Ontario’s Liberal government is proposing to introduce the Ontario Retirement Pension Plan (ORPP) to solve a looming retirement crisis if they’re re-elected in the provincial election on June 12. However, this strategy is ill conceived and timed.

Canada’s retirement system is based on three pillars:

  1. Old-age security (OAS) and the guaranteed income supplement (GIS), which are monthly government payments to senior Canadians and lower-income seniors, respectively.
  2. The Canada Pension Plan (CPP), which makes fixed, monthly payments to seniors based on their contributions — and matched by their employers — over their working lives.
  3. Workplace pensions and people’s own savings from investment vehicles such as RRSPs, savings accounts, investments and home equity.

Although this is simplistic, the main point is that these pillars need to work in balance — and a change in one may potentially affect the others. No one can argue against the need for enhanced retirement savings, but do we have a crisis that dictates Ontario needs to work outside the current system? Should we not look at the pillars and enhance each one so that the system is in balance for the risk management of people’s retirement security?

These considerations lead to the conclusion that the Ontario Liberals’ ORPP is ill conceived and timed — and that financial planners need to take note so that their clients are not distracted from their personal savings goals.

The rationale for the crisis that needs to be solved is, in summary, that Canadians have fewer pensions and lower savings. This is proven by Statistics Canada, which provides the following findings:

  • The number of people enrolled in employee-sponsored pension plans decreased to 25% in 2008 from 35% in 1977.
  • RRSP contributions deepened but did not widen, meaning that for 2011-12, contributions increased by 3.8% but the number of RRSP contributors remained virtually unchanged.
  • Participation rates in defined-benefit pension plans are declining while the participation rates in defined-contribution pension plans are up by 3.5% for the 2011-12 period.
  • The Canadian household savings rate has been declining over the past 30 years: from 18.8% in 1981 to 1.5% in 2006 and recovering to 5.2% in 2013.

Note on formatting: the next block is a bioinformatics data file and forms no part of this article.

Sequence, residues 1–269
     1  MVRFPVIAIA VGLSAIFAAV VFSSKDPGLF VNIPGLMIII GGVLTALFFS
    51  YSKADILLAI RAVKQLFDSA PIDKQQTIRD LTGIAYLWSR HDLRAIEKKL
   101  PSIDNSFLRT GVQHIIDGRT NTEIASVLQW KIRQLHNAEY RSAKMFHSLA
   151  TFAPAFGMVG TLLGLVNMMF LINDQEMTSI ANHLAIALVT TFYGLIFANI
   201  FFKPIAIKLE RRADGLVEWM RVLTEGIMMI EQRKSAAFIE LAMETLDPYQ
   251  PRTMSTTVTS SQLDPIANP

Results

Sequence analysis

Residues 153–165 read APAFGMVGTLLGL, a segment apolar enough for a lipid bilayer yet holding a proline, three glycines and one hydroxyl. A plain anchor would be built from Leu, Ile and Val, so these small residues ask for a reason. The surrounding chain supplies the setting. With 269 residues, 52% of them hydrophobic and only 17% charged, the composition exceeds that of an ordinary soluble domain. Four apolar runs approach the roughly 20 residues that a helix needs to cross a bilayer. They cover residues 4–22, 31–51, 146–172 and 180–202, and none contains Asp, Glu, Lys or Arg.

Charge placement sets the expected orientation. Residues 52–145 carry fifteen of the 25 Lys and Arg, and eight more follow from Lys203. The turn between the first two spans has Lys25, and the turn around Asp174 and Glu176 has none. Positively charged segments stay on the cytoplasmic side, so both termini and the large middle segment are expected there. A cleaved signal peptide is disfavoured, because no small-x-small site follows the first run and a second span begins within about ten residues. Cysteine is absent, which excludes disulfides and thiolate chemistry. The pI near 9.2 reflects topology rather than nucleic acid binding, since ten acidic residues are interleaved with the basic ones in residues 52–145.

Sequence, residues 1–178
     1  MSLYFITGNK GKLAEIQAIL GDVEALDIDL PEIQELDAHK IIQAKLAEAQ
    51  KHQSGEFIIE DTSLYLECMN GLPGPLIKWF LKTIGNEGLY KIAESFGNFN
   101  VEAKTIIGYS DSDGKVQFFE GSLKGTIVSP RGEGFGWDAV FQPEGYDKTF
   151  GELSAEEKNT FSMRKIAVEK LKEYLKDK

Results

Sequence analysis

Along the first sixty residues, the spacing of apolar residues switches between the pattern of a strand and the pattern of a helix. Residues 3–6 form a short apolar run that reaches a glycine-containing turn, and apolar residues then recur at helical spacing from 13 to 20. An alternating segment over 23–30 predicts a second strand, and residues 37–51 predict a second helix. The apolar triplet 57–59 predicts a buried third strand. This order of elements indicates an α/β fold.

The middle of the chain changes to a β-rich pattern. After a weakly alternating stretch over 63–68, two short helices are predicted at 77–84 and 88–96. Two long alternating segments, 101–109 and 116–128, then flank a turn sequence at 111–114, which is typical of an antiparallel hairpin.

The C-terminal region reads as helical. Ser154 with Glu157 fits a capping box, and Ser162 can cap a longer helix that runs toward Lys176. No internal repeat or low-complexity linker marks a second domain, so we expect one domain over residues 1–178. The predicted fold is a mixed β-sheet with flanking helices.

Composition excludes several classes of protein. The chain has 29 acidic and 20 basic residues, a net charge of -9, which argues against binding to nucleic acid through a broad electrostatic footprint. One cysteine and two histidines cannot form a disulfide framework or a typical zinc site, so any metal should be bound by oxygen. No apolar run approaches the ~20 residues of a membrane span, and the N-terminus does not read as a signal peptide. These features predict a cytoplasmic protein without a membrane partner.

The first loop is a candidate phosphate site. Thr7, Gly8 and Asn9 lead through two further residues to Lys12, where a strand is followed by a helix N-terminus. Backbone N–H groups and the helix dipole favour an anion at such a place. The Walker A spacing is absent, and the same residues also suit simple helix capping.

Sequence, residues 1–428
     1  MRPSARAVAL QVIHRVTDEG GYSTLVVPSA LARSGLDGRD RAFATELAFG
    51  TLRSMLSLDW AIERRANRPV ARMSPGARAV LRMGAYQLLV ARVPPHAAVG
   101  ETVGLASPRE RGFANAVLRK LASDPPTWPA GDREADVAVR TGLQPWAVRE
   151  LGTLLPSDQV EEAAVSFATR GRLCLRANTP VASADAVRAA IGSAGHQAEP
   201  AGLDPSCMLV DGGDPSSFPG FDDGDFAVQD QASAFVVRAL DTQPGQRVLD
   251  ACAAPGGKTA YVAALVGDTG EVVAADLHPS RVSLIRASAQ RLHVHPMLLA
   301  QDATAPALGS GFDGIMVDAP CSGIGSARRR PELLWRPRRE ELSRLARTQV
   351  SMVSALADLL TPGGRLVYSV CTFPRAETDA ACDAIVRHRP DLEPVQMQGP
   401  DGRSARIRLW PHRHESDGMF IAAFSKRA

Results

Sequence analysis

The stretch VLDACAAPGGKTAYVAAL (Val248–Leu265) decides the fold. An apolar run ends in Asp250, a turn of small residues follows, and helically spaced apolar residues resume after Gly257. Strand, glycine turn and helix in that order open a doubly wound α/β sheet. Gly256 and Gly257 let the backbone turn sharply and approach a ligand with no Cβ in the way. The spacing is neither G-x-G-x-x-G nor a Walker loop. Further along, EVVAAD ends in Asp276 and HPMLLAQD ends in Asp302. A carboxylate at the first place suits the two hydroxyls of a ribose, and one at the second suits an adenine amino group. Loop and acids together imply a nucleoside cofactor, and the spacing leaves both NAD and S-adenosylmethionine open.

It appears that from this data that the last pillar — workplace pensions and personal savings — needs enhancement. As we all know, the CPP and OAS will not be enough to maintain the standard of living of future retirees, especially those in the middle class, given that life expectancy is increasing.

Moreover, young people will foot the bill for these seniors either through higher taxes or direct family support, and governmental expenditures will be restricted in the future because of increased social transfers to seniors.

On a good note, Canadian seniors have a low poverty rate by global standards, and CPP is solid on an actuary basis. Compare this to the European model in which a majority of pension plans are unfunded liabilities of governments. This highlights that the Canadian system is a sound system to enhance vs a crisis.

What do the Ontario Liberals propose? Basically, it’s a target plan vs a fixed payment plan like the CPP. Your return is based on the performance of the plan. It aims to replace 15% of an individual’s working income upon retirement by having employees contribute 1.9% of their income up to $90,000 of earnings; these contributions are to be matched by employers, save for the self-employed and federal workers. This new system will create a $3.5-billion savings pool each year and be managed by a board that is arm’s-length from the government.

This highlights the idea that the ORPP is ill conceived because this is exactly what the CPP Investment Board does with a 7.4% annual rate of return — and it took years to build it and its track record. Ontario is better off working with its confederation partners and enhancing the CPP as this is more efficient than building another bureaucracy.

Further analyzing this plan reveals that it’s also ill timed. Ontario is struggling to regain its economic form and is deeply in debt. These payroll taxes will hurt small companies and reduce growth, which is required to increase disposable incomes so people spend more as well as save more for retirement.

This creates a vicious circle as taking from one area from the retirement system just transfers it to another area. Although it’s true that there are some economies realized from pooled funds vs individual investing, economic growth trumps these savings.

This is why financial planners need to take note of the ORPP as these diverted funds will turn clients’ focus away from their personal savings — either in monetary terms or a perception that they don’t need to save. And personal savings is the surest retirement planning strategy that people can do vs relying on others.